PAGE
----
Tuesday, March 25, 2014

The Borrowers

The Borrowers (otherwise known as The Borrower Arietty, The Secret World of Arietty, or simply Arietty) is an adaptation of the 1952 novel The Borrowers by Mary Norton. It follows Arietty and her family as they are forced to move from their home, and how they receive help from a human boy named Sho (Shawn in the US release). The film was directed by Yonebayashi Hiromasa, who received supervision from Miyazaki, who took on the movie as a Producer.

I think they have an understanding.

Arietty and her family (father Pod and mother Homily) are Borrowers, a race of tiny people about the size of a human's thumb. They have lived in the home of Maki Sadako for many, many years, and are quite cozy there when the house is visited by Sadako's great-nephew, Sho. Sho is there to rest before receiving a heart operation, and happens upon Arietty by accident. Knowing full well that in order to survive, she needs to remain hidden, but Sho's persistence combined with her curiosity lead the two to strike up a friendship. Unluckily for them, they are seen by Sadako's maid, Haru, who decides to capture the borrowers for her own financial gain.

It was never very clear what she had intended to do with them, but i'm thinking something like selling them to science or a tabloid magazine.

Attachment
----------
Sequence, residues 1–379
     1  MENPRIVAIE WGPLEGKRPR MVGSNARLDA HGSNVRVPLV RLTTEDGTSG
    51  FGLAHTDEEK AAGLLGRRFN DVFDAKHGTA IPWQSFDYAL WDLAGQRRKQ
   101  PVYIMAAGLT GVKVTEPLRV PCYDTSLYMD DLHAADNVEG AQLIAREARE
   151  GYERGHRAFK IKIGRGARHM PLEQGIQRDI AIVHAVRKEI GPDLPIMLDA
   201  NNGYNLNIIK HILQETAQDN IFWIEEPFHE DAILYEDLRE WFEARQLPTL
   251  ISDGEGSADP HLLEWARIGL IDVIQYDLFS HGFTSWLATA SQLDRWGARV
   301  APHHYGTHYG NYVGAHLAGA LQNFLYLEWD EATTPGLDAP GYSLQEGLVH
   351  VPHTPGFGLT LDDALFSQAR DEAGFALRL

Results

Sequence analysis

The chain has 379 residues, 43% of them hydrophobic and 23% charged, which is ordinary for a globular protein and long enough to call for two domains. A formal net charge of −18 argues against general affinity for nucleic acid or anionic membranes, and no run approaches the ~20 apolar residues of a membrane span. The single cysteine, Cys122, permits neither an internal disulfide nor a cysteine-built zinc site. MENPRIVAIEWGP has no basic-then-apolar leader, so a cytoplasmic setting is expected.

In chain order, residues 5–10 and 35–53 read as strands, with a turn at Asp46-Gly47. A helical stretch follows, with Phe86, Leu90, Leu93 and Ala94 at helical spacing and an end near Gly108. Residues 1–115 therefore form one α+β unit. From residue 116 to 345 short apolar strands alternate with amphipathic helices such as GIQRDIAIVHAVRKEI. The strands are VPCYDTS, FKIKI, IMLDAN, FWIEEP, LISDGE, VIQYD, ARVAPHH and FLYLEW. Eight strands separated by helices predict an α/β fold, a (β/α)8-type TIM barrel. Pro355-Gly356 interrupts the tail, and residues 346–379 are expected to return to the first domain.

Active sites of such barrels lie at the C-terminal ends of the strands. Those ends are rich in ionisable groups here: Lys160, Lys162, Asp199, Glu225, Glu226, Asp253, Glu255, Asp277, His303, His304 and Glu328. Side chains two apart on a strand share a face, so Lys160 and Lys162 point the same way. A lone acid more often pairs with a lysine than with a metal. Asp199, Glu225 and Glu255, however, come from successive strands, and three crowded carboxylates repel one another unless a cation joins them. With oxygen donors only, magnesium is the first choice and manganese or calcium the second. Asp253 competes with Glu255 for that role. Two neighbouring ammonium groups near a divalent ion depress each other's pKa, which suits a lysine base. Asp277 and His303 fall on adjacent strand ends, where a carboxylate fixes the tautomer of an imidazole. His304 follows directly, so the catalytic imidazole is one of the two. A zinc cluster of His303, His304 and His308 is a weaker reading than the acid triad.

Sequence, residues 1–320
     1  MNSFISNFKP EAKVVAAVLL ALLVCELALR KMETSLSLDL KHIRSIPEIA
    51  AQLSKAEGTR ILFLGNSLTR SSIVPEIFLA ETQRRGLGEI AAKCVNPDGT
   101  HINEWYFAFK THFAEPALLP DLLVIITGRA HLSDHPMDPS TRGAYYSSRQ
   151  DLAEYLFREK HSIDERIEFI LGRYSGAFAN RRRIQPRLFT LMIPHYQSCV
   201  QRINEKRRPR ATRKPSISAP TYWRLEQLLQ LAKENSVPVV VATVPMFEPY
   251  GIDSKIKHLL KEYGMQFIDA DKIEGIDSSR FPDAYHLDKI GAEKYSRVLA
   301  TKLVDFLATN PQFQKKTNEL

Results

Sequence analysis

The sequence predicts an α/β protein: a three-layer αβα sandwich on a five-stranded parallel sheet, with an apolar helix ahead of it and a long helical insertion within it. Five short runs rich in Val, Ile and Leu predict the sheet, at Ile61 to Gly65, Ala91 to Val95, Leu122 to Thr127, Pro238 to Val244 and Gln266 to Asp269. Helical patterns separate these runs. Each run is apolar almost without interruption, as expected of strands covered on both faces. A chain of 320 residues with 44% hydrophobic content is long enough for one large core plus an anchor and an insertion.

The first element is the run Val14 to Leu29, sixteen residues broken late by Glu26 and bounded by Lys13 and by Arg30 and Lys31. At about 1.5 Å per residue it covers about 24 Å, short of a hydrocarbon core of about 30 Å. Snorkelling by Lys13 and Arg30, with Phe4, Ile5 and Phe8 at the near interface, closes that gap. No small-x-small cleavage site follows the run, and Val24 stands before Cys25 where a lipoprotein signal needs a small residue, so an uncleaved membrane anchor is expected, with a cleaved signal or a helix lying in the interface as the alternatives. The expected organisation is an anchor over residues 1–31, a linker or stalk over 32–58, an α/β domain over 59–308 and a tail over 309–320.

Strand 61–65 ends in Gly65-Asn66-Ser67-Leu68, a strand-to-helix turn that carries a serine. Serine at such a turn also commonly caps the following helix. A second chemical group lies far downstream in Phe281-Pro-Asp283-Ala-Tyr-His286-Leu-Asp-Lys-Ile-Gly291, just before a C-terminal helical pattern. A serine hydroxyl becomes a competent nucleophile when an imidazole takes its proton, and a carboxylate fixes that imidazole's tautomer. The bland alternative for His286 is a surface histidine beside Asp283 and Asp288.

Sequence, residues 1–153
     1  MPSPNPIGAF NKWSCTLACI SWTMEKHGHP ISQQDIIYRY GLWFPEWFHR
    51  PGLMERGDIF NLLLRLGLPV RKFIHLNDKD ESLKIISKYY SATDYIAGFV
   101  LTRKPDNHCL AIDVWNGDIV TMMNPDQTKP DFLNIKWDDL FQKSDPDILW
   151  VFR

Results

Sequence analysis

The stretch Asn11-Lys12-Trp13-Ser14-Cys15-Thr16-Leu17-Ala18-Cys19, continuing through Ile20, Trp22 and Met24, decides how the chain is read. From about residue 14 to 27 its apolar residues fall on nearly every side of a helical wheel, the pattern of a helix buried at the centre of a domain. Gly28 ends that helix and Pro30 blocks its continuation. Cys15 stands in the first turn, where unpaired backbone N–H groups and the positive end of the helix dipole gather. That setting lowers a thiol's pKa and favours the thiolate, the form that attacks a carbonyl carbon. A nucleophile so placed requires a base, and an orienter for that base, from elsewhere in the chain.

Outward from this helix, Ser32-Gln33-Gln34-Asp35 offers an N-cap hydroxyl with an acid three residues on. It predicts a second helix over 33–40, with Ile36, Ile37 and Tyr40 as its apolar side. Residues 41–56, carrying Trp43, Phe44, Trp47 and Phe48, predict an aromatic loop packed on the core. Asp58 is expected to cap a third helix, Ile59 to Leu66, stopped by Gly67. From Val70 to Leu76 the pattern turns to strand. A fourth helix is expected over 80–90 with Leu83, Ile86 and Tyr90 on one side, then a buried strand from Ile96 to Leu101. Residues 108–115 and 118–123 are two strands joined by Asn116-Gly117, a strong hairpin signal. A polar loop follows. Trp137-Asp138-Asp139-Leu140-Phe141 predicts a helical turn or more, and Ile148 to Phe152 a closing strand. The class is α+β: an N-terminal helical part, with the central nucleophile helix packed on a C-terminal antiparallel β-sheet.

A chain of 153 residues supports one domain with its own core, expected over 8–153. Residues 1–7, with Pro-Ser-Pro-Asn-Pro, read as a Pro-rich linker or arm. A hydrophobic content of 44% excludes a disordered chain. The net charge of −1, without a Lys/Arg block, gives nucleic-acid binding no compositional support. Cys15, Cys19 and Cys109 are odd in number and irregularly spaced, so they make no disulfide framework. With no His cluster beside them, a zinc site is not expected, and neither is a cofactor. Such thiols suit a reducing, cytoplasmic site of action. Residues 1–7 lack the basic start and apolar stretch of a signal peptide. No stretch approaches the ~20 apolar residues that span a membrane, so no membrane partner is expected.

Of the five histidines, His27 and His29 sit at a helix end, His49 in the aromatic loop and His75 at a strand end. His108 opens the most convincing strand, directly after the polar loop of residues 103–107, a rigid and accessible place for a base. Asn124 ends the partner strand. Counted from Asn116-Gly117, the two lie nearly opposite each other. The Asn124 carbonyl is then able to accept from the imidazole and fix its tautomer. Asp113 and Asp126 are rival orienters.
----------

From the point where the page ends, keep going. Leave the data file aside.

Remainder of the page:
Like many Ghibli films before it, The Borrowers is filled with delight, suspense, action, and heartwarming coming-of-age moments. One could even say it's a bit like a carbon copy of past movies such as Castle in the Sky, Kiki's Delivery Service, Spirited Away and The Cat Returns, but that's likely just a reflection of Ghibli's choice of story material versus a flaw in their design. Regardless of this observation The Borrowers was a joy to watch and I was more than happy to indulge myself with it.

I got you a berry. Bitches love berries.

Ghibli seems to have a penchant for countryside locales in their movies, and in this regard they do not disappoint with this movie. Each leaf and dewdrop is done with careful attention to detail, even in scenes where things are shown from Sho's perspective, not Arietty's. Of particular interest are The Borrowers' surroundings; given their tiny size it's quite interesting to see how they get around and make use of things such as nails and Christmas lights to navigate.

They're a very resourceful bunch.

The Borrowers was pretty standard Ghibli fare; I don't remember it being awful, but I don't remember it being a stand-out hit in the way that movies such as NausicaƤ or Howl's Moving Castle wowed me. It was, however, a cute, sweet little movie, without being too geared towards small children (in the way of Ponyo and Totoro). It has less violence and potentially upsetting moments, so you can still show this to kids, but it's not sickly-sweet the way that some of the younger-orientated Ghibli films are.

Ghibli rather outdid themselves on the backgrounds in this one.

The Borrowers is available from Toho in Japan, Madman Entertainment in Australia, Disney in the US and Studio Canal in the UK. torrents are easy to find through your search provider.

This one doesn't look as friendly as the ones in Pom Poko.



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